There was a moment in early August when Hubert Friday sat on a folding chair outside a large wall tent on the grounds of the Carlisle Barracks in Pennsylvania, and he lapsed into speaking Arapaho. It’s an unhurried language, guttural consonants and rounded vowels. Friday lowered his head so that his chin tucked into his chest and his cowboy hat shaded his face. When he paused, I asked what he was saying.
He sat up in his chair and took a deep breath, rolling his head to the right, in the direction of a small cemetery with faded white grave stones, surrounded now by fencing and tarps. In a voice that had to fight its way out his chest, he said, “I was telling them, ‘Come home!’”
He was speaking to three Northern Arapaho children buried in the cemetery more than 130 years ago: Little Chief, Horse, and Little Plume. They came to Carlisle to serve the vision of Capt. Richard Henry Pratt, whose experience in the U.S. Army during the Indian Wars of the 1870s subduing and “civilizing” Native Americans led him to propose a boarding school where Native American youngsters would be reprogrammed in the image of their conquerors. The three Northern Arapaho children — addressed by Anglicized names Dickens Nor, Horace Washington, and Hayes Vanderbilt Friday — would go to class in child-sized military uniforms, speak only English, and spend their summers working as farmhands, domestic servants and tradesmen for white families near Carlisle.
It’s one of those chapters that gets short shrift in United States history books, when it’s not omitted altogether. Boarding schools for Indians proliferated in the late 19th century. Most followed Pratt’s example and hued to his philosophy: “Kill the Indian, save the man.” That meant putting vast distances between Indian children and their families and culture. When a U.S. Army historian guides tours around the Carlisle Barracks, he talks about its long history as a military training and teaching facility. The only mention of the Indian boarding school is about Jim Thorpe, the illustrious athlete from Carlisle who starred in pro football and the Olympics.
The little cemetery on the west side of the U.S. Army War College is not part of the usual tour. There, 194 gravestones memorialize Indian youth who died hundreds of miles from home and family, often of European diseases for which they had no immunities. As Hubert Friday would learn a few days later, even some of the gravestones got the story sorrowfully wrong.
Carlisle: An institution of conquest
To understand what occurred at the Carlisle Indian Industrial School, one has to imagine the migratory Cuisinart of North America in the 1880s, particularly from the Native American perspective. The displacement of indigenous people — geographic, economic, and cultural — was relentless. Many of the tribes identified with the Great Plains, like the Sioux and the Arapaho, were pushed there from the Great Lakes region by white immigrants following their “Manifest Destiny” west. Adjusting to a very different environment, tribes shifted from a settled, agrarian life to a nomadic culture. The mythic images of the Plains Indian hunting and fighting on horseback belies the fact that this was a new and short-lived lifestyle; Europeans brought the horse to North America, and their descendants would soon corral nomadic bands onto reservations where nimble horsemanship was of little use.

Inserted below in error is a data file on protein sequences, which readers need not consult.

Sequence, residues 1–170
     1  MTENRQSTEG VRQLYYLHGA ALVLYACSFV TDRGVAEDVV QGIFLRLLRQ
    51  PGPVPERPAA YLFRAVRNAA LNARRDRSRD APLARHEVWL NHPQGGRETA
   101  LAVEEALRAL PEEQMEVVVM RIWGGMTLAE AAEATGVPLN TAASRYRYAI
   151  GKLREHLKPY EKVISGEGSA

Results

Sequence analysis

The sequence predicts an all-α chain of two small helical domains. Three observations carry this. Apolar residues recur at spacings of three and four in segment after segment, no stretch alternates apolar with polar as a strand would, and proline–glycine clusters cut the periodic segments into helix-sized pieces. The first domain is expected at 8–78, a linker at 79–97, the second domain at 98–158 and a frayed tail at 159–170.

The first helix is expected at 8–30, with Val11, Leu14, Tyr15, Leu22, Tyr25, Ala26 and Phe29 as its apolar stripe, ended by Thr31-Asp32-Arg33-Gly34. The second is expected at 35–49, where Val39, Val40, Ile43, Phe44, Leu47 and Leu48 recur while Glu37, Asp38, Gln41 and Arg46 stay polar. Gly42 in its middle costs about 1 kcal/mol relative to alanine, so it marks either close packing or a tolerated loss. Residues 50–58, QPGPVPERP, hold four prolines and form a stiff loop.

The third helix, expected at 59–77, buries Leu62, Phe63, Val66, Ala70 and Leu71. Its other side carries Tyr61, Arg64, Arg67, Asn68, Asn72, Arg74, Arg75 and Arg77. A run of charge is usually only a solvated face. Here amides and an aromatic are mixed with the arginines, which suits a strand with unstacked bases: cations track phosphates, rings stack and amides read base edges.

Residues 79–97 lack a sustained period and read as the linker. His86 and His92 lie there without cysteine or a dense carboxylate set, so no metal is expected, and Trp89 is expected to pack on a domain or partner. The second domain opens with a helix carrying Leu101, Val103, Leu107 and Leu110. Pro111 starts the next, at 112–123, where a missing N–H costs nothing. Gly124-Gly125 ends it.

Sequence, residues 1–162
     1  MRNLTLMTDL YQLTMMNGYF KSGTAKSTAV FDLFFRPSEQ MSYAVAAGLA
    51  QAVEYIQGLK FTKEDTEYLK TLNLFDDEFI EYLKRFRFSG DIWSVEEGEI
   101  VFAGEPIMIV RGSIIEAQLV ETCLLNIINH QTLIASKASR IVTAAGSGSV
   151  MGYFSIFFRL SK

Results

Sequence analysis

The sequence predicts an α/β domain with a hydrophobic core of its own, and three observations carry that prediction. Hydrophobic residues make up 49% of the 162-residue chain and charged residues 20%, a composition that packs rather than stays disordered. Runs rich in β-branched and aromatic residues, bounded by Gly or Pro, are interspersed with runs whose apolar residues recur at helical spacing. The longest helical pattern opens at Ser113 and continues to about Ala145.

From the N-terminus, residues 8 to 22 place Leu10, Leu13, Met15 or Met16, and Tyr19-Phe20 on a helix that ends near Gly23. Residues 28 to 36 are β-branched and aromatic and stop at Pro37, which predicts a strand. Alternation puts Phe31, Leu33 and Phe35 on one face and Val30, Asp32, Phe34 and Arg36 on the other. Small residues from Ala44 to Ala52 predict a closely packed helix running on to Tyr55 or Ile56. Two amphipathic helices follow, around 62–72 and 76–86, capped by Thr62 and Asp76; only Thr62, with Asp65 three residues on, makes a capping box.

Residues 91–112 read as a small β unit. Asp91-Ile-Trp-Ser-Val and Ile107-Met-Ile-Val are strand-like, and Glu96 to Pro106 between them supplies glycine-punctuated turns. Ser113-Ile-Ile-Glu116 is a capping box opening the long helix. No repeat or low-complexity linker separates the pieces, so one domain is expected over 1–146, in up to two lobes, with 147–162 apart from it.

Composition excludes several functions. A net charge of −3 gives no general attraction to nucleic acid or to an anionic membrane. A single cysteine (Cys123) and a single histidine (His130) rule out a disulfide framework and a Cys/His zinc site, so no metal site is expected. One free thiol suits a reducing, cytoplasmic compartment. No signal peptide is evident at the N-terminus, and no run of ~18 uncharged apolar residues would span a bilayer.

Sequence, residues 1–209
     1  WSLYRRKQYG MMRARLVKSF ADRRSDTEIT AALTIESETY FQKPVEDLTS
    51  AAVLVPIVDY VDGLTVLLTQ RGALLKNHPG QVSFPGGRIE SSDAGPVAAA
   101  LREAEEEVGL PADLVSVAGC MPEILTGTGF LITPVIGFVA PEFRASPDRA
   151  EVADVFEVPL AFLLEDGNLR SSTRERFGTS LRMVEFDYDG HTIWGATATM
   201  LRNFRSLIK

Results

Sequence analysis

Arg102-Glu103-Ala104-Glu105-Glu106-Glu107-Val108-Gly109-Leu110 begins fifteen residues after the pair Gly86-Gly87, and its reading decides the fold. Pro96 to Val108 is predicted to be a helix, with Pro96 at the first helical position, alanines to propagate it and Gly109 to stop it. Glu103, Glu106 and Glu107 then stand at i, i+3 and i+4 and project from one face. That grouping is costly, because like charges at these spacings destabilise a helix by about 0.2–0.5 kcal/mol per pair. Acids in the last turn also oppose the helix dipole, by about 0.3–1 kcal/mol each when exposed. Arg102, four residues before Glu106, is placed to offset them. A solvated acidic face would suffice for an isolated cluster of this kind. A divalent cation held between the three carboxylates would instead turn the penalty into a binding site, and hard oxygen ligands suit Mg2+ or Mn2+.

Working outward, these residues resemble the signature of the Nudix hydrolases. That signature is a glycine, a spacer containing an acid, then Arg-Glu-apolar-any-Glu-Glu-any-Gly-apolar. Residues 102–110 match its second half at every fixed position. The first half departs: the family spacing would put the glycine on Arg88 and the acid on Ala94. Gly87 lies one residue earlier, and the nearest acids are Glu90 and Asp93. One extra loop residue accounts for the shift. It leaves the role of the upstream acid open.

In 1879, when Carlisle was founded, the so-called “Indian Wars” were winding down after decades of fighting, in some cases dating back to early tribal alliances during the Revolutionary War. Native peoples were again trying to adjust to radical change, as the American military tried to confine rebellious tribes to reservations — usually leftover real estate unwanted by white settlers — and the great buffalo herds disappeared. Only a few years before Northern Arapaho children were shipped to Carlisle, Arapaho warriors fought in the Battle of the Greasy Grass — popularly known as the Battle of Little Big Horn, or Custer’s Last Stand. Young boys who assisted the warriors behind the front lines would not long after find themselves wearing American military outfits at boarding schools.
Sharp Nose, Little Chief’s father, an Arapaho warrior who would later become chief, was acutely aware of the challenges his people faced. The Northern Arapaho were sharing the Wind River Indian Reservation with the Eastern Shoshone, uneasy confederates who had once fought each other. The transition to farming was proving difficult. In the years to come, reservation leaders would trade away chunks of land for cattle and money to feed their people.
The year Sharp Nose allowed Little Chief to be taken to Carlisle, he dictated a letter to his new school: “We are anxious to go on learning till we know how to do as white men do…There are not enough good men to show us how to plant and cultivate our crops.” Other tribal leaders ceding their children to Carlisle were quoted in the letter declaring an end to warfare, and asking, in one plaintive sentence, that a son’s hair not be cut. Sharp Nose concluded: “We give our children to the Government to do as they think best in teaching them the right way, hoping that the officers will, after a while, permit us to go and see them.”